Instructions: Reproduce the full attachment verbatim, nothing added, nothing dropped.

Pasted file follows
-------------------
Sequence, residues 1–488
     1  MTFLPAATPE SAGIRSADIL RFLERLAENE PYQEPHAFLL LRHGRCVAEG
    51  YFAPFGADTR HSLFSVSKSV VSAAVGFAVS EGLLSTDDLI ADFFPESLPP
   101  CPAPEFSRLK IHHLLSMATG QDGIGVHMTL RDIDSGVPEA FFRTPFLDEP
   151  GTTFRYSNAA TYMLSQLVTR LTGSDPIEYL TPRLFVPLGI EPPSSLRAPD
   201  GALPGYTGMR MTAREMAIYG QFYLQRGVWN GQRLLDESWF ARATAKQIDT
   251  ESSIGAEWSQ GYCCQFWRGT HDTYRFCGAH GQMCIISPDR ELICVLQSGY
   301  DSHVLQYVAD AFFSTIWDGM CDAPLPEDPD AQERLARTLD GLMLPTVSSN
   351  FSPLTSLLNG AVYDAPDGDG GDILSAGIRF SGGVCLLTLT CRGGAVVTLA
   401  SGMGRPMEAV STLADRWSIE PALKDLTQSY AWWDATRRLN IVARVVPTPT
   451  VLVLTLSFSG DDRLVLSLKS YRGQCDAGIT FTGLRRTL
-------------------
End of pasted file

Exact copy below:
Sequence, residues 1–488
     1  MTFLPAATPE SAGIRSADIL RFLERLAENE PYQEPHAFLL LRHGRCVAEG
    51  YFAPFGADTR HSLFSVSKSV VSAAVGFAVS EGLLSTDDLI ADFFPESLPP
   101  CPAPEFSRLK IHHLLSMATG QDGIGVHMTL RDIDSGVPEA FFRTPFLDEP
   151  GTTFRYSNAA TYMLSQLVTR LTGSDPIEYL TPRLFVPLGI EPPSSLRAPD
   201  GALPGYTGMR MTAREMAIYG QFYLQRGVWN GQRLLDESWF ARATAKQIDT
   251  ESSIGAEWSQ GYCCQFWRGT HDTYRFCGAH GQMCIISPDR ELICVLQSGY
   301  DSHVLQYVAD AFFSTIWDGM CDAPLPEDPD AQERLARTLD GLMLPTVSSN
   351  FSPLTSLLNG AVYDAPDGDG GDILSAGIRF SGGVCLLTLT CRGGAVVTLA
   401  SGMGRPMEAV STLADRWSIE PALKDLTQSY AWWDATRRLN IVARVVPTPT
   451  VLVLTLSFSG DDRLVLSLKS YRGQCDAGIT FTGLRRTL